Wednesday, May 21, 2014

Master Thoughts

Today as I struggle with A1 (Cube, Cone, and Sphere), I'm reminded of a side conversation some of my Salon mates and I had a couple of months ago. What is your reason for wanting to get involved in the Masters Registry? I'm actually asking you, the reader, to think about this. Are you an instructor and would like the 'credentials' after your name (to represent the equivalent of an MFA)? How many levels do you plan on completing? Do you want to challenge yourself to learn new skill sets? Take a giant leap outside your comfort zone? Do you want feedback about your current process and level of competancy? Looking forward to the critique and possible re-attempts?

I'm asking because the majority of the folks I talk to are 'just not interested' in some of the more technical or difficult projects. "What's the point? " they ask. "I'll never be interested in that (fill in the blank)". I think that too sometimes. For instance, I'm not really into glass. What skills will I learn during C3 that I'll ever use again? What a waste of time and energy! Or is it? I won't really know until I complete it.

I've taken all sorts of hard metals classes in topics that I know I probably won't pursue. Sometimes because I want to meet the instructor, and sometimes because I think it will make for a fun afternoon making stuff with friends. And I've learned something to take away in each class. Did I run right out and buy a hydraulic press after a two-day class with Cynthia Eid? No. Have I added steel to my materials list after learning how to solder it with Sarah Loertscher? Not yet. So just what is the point of forcing myself to endure the trials and tribulations of the dang cone, cube, and sphere project? What will make this project worthwhile?

I think this is the first project because it requires so many techniques that will be invaluable for the other 49. Learning how to construct those forms, without the benefit of a step by step tutorial, readily available molds, or a background in engineering will force me to problem solve and think for myself. That one technique (problem solving) will help me build boxes and the other hollow shapes required in many of the projects (A4, A5, A6, A7, A8, C2, E1, E4, and probably many others). Learning to create a uniform, untextured surface and invisible seams will help me finely finish the remainder of my work. If I construct these forms with base metal clay (as I am), I'll have to devise a way of firing in carbon that will not distort the carefully constructed geometry that I've worked so hard to perfect.

So, if you were considering skipping A1 (or any other unsavory project) or leaving it till last, I encourage you to consider another path. Consider the less obvious aspects of those constructions and how they might impact your future design strategy. You never know how mastering an unpleasant task will change your point of view.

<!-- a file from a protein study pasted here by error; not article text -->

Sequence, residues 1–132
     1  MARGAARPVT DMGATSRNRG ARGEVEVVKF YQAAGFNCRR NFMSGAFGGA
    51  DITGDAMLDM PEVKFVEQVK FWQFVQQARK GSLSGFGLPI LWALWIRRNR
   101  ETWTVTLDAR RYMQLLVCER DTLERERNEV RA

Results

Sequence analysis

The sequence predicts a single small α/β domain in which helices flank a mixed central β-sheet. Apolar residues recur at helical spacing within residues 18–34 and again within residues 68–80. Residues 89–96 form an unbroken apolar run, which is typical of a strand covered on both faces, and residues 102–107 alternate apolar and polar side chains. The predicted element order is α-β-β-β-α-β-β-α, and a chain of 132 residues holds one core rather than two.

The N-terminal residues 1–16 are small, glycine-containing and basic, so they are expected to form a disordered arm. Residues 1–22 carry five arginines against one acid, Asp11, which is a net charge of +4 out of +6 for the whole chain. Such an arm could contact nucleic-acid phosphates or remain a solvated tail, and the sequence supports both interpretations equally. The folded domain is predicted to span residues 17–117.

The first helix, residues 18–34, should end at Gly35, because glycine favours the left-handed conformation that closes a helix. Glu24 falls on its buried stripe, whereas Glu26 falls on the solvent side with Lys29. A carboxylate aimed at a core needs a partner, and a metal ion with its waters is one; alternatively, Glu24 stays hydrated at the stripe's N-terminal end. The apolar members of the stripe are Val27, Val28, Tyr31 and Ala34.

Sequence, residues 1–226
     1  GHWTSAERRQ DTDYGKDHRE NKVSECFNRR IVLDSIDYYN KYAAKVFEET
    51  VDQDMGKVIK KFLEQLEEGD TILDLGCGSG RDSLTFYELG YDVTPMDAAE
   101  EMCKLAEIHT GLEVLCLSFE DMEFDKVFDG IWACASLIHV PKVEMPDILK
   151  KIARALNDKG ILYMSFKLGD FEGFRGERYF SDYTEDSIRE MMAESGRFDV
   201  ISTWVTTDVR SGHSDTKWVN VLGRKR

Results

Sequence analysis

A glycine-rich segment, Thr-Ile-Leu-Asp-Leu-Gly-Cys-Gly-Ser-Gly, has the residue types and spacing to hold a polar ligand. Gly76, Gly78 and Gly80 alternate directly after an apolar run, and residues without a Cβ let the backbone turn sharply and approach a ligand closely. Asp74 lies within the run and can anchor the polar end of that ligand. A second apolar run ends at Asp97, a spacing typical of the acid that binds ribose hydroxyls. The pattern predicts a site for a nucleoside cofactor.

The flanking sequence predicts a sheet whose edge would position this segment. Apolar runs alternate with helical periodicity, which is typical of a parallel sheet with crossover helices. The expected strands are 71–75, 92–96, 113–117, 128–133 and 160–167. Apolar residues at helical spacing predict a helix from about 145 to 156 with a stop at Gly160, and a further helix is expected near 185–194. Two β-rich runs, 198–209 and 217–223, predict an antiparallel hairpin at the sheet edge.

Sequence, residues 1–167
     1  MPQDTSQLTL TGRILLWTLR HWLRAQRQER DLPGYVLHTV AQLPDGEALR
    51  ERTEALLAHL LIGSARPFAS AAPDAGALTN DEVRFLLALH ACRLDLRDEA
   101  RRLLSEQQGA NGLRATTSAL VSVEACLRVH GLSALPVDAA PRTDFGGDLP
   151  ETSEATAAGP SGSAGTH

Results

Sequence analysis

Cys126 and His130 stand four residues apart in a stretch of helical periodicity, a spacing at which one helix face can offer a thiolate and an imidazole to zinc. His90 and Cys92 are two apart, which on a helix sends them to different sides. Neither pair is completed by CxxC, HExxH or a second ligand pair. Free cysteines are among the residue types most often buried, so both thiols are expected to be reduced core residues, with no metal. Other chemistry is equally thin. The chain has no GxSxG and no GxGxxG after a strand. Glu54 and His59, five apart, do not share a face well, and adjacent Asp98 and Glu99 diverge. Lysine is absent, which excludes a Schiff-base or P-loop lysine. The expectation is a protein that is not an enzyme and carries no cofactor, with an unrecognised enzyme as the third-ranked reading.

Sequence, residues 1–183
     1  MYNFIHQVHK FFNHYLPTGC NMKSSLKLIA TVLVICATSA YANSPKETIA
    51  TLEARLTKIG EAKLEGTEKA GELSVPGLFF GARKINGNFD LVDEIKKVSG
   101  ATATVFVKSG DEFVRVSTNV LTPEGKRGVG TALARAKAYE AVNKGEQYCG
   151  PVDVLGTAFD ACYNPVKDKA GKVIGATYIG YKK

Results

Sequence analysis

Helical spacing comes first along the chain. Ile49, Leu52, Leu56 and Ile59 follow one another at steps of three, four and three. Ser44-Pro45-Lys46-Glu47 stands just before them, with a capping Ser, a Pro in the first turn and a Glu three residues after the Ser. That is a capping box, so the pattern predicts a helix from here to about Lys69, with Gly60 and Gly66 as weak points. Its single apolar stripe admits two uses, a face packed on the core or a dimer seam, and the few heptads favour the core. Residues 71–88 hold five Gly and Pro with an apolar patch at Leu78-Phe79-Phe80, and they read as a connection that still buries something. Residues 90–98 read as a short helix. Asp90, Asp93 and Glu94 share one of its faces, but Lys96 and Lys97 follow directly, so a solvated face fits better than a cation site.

Saturday, May 10, 2014

Catching Up

March's meeting was an intimate visit with two of the members. We had a little enamel demo and talked about experiments they had conducted at home. It was a short, but sweet meeting. I suggested they look out for Pam East's DVD's which were to be released soon. Since then I received my Kickstarter supporter advance copy of Enameling on Silver Clay and have to say - it's a fabulous resource with in depth tutorials of both producing a metal clay object and enameling it. There is also a version for copper clay, and I think I'll have to buy that one too. Pam also wrote a book a few years ago, which is a wonderful bench side reference. In addition, Linda Darty's book The Art of Enameling describes all forms of enameling and has a wonderful gallery. Truly an encyclopedic reference book that I find very helpful.

April brought two cyber members who hadn't been able to make the third Saturday meeting. Because of Easter, the date was changed to the 4th Saturday, and they made the trek. Roxan and Heidi gave a great infusion of energy into the meeting and we were able to ooh and ahh over the work Roxan brought for show and tell, much of which she is thinking of submitting for one or another of the projects. So she is more than halfway to her L1 goal!

I had some questions about a few of the projects, and Tim McCrieght was generous enough to take some time to answer them. With this new clarification, I'm going to go through my own stash of existing work to see if any will fulfill the requirements. Here are my questions, and Tim's answers:

LH - A4: Do you specifically want a 4 sided box, or can we add more panels? [ I was specifically thinking of Gordon Uyehara's Dinosour box when I asked this.]